What is 'Tamata' in the Greek Orthodox Tradition?


My beloved brothers and sisters in Christ God,

What are 'tamata' in the Greek Orthodox tradition?

According to our tradition tama (plu. tamata) is a votive offering or promise for something to happen when someone requires help or a miracle. They are rectangular pieces of metal (tin, silver, or gold) with miniature body parts on the plaque symbolizes the subject of prayer (the miracle) for which the tama (promise or pledge) is offered.

Tamata may be offered through which someone invests their faith. They are link between the faithful and the Holy Spirit.

Other offerings may include candles, prosphora, wine oil, or incense. In addition, many will leave something of personal value, such as jewelry or military decoration as a sign of devotion. Some Orthodox Christians leave crutches or walking frames as thanks of being healed by God.

Saint John of Damascus

One of the most famous tama offering is that by Saint John of Damascus. While he was serving as Vizier to the Caliph, he was falsely accused of treachery and his hand was cut off. Upon praying in front of the holy icon of the Theotokos his hand was miraculously restored. In thanksgiving he had a silver replica of his hand fashioned and attached it to the holy icon of the Ever-Virgin Mary.

This miracle-working (wonderworking) holy icon of the Theotokos now called 'Trecherousa' or "The Three-handed" is preserved today at Hilander Monastery on the Holy Mountain.

When does the need arise?

A tama purchased when the individual Orthodox Christian believer or a loved one is ill, lonely, unable to conceive, looking for work etc. In other words, there is no situation which does not require a tama.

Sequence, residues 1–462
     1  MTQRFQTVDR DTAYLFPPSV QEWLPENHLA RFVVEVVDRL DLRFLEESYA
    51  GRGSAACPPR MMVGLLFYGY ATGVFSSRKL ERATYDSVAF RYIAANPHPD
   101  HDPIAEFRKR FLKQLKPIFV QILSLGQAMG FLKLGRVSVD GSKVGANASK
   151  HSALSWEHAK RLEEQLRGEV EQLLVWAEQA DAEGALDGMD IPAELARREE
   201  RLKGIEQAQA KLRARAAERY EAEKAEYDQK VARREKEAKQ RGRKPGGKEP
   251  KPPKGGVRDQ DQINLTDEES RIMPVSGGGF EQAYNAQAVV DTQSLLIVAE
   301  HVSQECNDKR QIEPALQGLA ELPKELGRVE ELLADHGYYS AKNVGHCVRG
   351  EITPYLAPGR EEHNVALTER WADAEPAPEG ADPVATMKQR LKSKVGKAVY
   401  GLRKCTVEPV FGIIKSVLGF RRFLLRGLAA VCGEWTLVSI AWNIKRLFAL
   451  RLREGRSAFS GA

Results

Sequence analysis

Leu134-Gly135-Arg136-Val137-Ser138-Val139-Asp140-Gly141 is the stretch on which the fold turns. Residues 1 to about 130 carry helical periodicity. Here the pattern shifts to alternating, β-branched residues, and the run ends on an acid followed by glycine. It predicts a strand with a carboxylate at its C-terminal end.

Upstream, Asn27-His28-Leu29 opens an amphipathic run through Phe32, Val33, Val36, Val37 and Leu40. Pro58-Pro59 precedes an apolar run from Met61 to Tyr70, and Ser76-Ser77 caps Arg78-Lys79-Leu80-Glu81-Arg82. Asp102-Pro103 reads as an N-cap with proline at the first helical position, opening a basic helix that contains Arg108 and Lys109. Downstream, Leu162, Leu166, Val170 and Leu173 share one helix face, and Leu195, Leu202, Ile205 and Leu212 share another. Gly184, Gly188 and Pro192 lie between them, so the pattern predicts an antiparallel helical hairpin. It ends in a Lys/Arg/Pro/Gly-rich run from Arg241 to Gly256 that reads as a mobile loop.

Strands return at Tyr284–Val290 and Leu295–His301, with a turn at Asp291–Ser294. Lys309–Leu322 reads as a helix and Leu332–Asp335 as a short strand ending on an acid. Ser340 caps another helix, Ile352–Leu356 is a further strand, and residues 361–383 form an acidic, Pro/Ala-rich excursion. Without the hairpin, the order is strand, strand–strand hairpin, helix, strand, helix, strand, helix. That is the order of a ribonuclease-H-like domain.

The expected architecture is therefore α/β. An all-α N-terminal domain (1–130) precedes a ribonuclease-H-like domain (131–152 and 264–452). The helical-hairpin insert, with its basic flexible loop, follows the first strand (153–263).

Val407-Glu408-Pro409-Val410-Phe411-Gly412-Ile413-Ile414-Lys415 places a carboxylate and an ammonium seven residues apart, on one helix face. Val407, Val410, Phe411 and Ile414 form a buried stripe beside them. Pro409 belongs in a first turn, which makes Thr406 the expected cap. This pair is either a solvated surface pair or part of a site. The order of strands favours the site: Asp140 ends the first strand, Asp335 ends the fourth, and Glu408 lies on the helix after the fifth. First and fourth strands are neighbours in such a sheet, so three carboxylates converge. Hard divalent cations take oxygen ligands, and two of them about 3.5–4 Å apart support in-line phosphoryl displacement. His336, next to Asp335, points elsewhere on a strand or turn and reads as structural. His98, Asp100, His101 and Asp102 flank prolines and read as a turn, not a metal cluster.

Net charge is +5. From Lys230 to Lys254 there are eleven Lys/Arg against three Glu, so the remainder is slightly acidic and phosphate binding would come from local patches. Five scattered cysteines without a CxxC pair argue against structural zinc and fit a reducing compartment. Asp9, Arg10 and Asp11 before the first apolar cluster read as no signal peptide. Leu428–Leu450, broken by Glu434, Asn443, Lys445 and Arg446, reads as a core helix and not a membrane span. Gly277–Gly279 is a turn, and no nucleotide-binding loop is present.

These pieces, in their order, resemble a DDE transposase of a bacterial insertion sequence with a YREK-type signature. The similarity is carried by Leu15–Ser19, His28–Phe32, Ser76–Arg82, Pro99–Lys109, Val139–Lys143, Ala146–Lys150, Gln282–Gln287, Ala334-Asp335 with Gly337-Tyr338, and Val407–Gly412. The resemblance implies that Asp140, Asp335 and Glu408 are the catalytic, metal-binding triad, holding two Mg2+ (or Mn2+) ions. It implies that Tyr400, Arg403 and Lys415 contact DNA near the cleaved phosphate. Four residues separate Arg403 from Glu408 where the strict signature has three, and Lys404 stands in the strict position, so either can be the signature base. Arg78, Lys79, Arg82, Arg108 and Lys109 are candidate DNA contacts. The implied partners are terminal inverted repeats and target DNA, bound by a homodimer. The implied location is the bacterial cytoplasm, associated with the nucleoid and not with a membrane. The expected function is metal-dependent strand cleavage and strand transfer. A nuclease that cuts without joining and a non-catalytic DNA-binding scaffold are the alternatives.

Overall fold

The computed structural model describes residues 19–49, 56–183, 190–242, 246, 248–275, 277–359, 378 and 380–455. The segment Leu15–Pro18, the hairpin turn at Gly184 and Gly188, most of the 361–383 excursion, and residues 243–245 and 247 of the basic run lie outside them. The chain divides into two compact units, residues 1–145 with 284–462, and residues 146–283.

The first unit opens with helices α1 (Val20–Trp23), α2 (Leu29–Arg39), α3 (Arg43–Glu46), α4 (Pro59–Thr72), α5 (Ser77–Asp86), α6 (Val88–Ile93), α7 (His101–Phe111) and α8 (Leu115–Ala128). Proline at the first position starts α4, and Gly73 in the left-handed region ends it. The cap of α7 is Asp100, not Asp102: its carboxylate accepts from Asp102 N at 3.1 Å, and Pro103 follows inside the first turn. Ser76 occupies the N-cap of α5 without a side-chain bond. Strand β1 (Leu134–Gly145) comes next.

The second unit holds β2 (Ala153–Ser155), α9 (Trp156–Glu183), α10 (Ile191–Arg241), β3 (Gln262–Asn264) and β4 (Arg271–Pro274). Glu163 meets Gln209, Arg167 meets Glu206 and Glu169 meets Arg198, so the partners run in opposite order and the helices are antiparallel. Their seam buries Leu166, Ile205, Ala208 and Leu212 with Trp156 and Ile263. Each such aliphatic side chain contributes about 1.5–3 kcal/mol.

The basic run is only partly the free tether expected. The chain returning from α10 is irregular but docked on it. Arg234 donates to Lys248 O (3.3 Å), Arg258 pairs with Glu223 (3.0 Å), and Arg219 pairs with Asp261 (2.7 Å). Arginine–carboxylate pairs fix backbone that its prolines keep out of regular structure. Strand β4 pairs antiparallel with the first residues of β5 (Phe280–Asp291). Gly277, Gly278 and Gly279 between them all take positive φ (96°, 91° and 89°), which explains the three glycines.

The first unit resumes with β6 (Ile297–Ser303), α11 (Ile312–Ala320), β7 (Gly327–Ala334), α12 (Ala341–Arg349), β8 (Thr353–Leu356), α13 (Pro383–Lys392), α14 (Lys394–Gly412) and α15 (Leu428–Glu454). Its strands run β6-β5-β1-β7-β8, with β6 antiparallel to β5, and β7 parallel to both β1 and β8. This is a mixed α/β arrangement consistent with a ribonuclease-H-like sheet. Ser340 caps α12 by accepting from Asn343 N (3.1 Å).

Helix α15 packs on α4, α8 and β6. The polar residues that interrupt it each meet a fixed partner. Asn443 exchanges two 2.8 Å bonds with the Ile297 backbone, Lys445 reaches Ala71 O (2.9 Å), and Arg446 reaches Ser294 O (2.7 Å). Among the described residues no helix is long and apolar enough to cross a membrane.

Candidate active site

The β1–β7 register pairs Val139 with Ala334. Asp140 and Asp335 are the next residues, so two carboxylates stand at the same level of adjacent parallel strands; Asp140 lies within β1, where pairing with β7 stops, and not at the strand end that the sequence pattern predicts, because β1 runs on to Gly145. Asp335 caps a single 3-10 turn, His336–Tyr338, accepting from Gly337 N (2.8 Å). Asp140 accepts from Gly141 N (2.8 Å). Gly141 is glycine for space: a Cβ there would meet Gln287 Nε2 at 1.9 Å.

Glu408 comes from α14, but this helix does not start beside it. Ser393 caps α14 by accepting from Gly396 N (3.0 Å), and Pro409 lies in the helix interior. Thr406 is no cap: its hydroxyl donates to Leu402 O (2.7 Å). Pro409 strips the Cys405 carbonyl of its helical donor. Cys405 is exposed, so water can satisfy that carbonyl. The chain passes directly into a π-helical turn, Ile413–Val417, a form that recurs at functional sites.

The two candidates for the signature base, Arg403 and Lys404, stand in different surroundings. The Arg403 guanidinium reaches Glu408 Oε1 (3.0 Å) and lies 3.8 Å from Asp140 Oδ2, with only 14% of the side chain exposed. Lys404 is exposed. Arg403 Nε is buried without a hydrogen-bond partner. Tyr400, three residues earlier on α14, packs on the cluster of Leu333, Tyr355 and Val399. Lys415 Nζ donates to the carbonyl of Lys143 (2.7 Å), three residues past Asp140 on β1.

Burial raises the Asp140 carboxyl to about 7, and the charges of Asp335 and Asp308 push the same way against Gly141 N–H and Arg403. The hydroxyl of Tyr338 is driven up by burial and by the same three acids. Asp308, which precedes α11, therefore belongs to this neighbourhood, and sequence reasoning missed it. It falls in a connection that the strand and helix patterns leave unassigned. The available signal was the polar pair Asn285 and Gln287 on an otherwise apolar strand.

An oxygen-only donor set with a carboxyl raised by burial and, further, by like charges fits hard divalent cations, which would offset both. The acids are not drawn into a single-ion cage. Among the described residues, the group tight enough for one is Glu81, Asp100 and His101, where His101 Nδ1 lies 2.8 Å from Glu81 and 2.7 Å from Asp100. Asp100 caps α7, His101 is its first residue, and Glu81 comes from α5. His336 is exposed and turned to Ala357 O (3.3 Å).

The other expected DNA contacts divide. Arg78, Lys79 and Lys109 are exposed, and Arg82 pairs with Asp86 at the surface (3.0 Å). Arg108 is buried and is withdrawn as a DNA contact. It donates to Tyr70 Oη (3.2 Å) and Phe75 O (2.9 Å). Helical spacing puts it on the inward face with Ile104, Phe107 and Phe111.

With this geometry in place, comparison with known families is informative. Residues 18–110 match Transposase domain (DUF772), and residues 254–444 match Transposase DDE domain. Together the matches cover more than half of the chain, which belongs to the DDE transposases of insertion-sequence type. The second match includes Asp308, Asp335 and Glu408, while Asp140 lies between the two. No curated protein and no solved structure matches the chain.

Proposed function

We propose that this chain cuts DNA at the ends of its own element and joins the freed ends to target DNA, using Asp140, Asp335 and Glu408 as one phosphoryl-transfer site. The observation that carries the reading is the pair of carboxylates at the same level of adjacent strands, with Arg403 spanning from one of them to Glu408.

The images are capable of multiple interpretations:

Heart - a prayer for love or a heart problem

Eye/s - an eye affliction

Hand/s or leg/s- maladies of the limbs

Pair of wedding crowns - a prayer for a happy marriage

Torso - afflictions of the body (i.e, cancer, etc.)

What do I do with my tama?

Once a tama has been purchased:

  • take it to the church
  • light a candle
  • give it the priest to place it under the holy icon of Christ, Theotokos or Saint.
  • say a prayer asking Our Lord or the Saint for help
  • leave a gift/offering to the local church (i.e., wine, prosphora, flowers, etc.)

When the tamata had real value ( i.e.silver, gold) they were sometimes sold and the funds derived from that transaction would be donated to help the poor, widows, orphans, etc.. Other times to help the local church in its holy mission.

Another beautiful tradition of our Holy Church.

In Christ,

+Father George